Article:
First, let me apologize for the little hiatus in my posting. Actually, I’ve posted almost as much in the last three months as I did in 2008, 2009 and 2010 combined, so I’m happy the “writer’s block” lasted no longer than it did.
In Part I, we argued that God does make saints, and that we’re all called to sanctity as part of our call to faith. In Part II, we tackled the “praying to saints is necromancy” argument; as Jesus told the Sadducees, “The Lord is God of the living, not of the dead” (Mk 12:27).
So okay, there are saints that are already with God in the heavenly kingdom. That doesn’t mean they can hear our prayers, though, right? In the last post, I dismissed the question out of hand. Frankly, there’s no good Scriptural argument to say saints can’t hear prayers; one passage — Revelations 5:8 — tells us that they pass on prayers meant for God, which argues that they can hear prayers, even when the prayers aren’t directed to themselves.
Jesus the “One Mediator”
Given the lack of Scriptural arguments against saints hearing prayers, there’s an indirect approach to the matter: Jesus is the only mediator between God and man (1 Tim 2:5). We can even back this up with another freebie proof-text: “And there is salvation in no one else, for there is no other name under heaven given among men by which we must be saved” (Ac 4:12).
The problem with the first citation, however, is that once again we’re dealing with an out-of-context fallacy. Let’s look at the statement where it occurs:
I urge, then, first of all, that petitions, prayers, intercession and thanksgiving be made for all people — for kings and all those in authority, that we may live peaceful and quiet lives in all godliness and holiness. This is good, and pleases God our Savior, who wants all people to be saved and to come to a knowledge of the truth. For there is one God and one mediator between God and mankind, the man Christ Jesus, who gave himself as a ransom for all people. This has now been witnessed to at the proper time. And for this purpose I was appointed a herald and an apostle … and a true and faithful teacher of the Gentiles (1 Tim 2:1-7 NIV).
Let’s drill into this a little more:
As members of the Body of Christ, our union isn’t simply one of mutual allegiance but an actual sharing of spiritual attributes with one another and with Christ. “But God has put the body together, giving greater honor to the parts that lacked it, so that there should be no division in the body, but that its parts should have equal concern for each other. If one part suffers, every part suffers with it; if one part is honored, every part rejoices with it” (1 Cor 12:24-26 NIV). Because of our divine adoption and membership in the Body of Christ, we are not only called to be brothers with Christ but co-heirs with him as well (Rom 8:16-17).
As part of this divine adoption and membership in Christ’s body, we share in Christ’s role as eternal high priest (Heb 4:14-16), offering sacrifices through Christ (1 Pet 2:5) on behalf of others. “You have made them to be a kingdom and priests to serve our God, and they will reign on the earth” (Rev 5:10 NIV; cf. Rev 1:6). It’s precisely in this sense that our prayers are intercessions; for, as the author of Hebrews reminds us, “For every high priest chosen from among men is appointed to act on behalf of men in relation to God, to offer gifts and sacrifices for sins” (Heb 5:1). Let me repeat: Prayers are intercessions.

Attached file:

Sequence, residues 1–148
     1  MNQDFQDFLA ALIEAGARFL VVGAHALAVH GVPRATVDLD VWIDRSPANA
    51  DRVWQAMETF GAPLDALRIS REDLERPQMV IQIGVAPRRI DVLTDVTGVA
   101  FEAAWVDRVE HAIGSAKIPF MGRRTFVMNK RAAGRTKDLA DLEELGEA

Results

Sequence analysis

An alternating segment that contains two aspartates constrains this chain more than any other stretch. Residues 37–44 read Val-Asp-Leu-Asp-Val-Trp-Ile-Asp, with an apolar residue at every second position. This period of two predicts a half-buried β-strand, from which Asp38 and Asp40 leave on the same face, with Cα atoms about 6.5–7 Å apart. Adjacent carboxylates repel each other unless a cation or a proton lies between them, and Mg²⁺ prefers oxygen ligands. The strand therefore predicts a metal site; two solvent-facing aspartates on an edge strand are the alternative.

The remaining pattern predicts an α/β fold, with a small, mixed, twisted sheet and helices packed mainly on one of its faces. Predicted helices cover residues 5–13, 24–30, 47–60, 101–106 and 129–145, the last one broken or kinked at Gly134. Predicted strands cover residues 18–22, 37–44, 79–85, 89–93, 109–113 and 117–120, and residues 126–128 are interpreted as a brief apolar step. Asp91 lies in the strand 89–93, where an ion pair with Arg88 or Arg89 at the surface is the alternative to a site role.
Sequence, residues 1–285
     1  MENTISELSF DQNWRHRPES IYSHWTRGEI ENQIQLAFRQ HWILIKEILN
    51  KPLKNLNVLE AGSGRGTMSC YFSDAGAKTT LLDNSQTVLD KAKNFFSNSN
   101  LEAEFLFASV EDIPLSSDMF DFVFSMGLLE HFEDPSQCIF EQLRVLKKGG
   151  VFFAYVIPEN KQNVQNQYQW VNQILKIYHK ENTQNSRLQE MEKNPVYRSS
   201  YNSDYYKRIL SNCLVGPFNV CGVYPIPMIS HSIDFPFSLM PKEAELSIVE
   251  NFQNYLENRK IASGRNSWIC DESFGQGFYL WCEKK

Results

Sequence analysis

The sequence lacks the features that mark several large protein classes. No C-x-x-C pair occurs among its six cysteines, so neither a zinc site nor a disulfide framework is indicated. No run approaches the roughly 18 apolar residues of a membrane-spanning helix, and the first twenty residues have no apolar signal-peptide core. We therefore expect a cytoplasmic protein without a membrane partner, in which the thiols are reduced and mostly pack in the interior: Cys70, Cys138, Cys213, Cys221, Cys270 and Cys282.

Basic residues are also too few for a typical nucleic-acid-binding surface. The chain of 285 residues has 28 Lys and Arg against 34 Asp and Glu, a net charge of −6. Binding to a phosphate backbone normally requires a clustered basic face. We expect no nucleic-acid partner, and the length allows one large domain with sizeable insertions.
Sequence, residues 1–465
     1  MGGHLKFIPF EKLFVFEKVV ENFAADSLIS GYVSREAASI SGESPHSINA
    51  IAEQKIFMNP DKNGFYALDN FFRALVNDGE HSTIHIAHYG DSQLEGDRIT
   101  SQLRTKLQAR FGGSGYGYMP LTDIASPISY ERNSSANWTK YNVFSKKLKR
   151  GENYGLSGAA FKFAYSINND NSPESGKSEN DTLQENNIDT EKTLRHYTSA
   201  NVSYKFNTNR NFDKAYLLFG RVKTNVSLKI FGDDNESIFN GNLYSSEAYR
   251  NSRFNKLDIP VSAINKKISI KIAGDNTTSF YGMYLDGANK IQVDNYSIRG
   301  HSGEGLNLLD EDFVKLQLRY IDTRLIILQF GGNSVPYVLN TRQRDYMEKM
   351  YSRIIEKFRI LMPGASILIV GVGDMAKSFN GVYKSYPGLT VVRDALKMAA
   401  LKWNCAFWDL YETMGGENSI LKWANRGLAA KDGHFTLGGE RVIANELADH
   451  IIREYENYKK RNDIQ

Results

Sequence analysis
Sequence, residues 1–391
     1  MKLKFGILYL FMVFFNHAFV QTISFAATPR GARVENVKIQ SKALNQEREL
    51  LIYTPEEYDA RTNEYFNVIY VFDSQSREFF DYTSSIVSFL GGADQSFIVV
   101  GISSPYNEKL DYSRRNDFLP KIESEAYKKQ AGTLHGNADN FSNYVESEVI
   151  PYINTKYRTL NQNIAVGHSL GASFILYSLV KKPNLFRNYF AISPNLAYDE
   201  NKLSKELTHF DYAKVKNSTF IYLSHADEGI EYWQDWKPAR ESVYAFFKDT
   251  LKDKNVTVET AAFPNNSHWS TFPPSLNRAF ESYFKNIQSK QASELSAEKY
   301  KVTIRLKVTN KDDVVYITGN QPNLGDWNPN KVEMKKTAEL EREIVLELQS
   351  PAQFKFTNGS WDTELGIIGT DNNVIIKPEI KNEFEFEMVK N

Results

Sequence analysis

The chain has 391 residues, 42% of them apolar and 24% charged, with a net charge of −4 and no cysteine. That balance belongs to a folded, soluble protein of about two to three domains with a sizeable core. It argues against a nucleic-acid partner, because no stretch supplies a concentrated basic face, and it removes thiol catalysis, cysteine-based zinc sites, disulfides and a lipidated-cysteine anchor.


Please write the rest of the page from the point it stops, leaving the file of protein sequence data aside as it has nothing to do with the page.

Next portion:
In 1 Timothy 2:5, St. Paul says “There is one God” because there are no other gods. Prayer to other gods is therefore vain by definition. But even within the context of other religions, there is no figure like Christ, who acts as nexus and mediator between God and man by being himself both God and Man. What St. Paul is saying, then, is that our prayers on behalf of non-Christians, especially those in positions of authority, are good things because non-Christians do not know whom they should be praying to for their salvation. But by praying for them, we are interceding for them.
Our first point to remember is: Sainthood is the result of justification through God’s sanctifying Grace. Our second point is: Those who die in God’s friendship go to Heaven, yet remain in communion with the living Body of Christ.
Now, if those who have died in Christ are truly alive and in heaven, then it follows that they can pray … not only with us but for us as well. We need not infer that they have magical powers of their own, but rather that, because of their holiness, they have influence with God. It still stands that God is free to refuse. But if the collected prayers of Christians who live in this world are efficacious, then how much more power they have when joined with the Christians already in heaven!
So the orthodox Christian teaching on sainthood is not that saints are mini-Saviors or alternative Redeemers. Rather, such power as they have comes, like ours, through their membership in Christ’s Body, through their inheritance of their share in Christ’s high priesthood and mediation between God and Man. Because their bodies have passed, it doesn’t follow that their shares have diminished; not even death can separate us from this adoption (Rom 8:38-39).
Point to remember: The prayers of all Christians, including those who have died in Christ, on behalf of others are intercessions made efficacious by our share in Christ’s high priesthood.
 What about the Jews? That’s another subject for another time!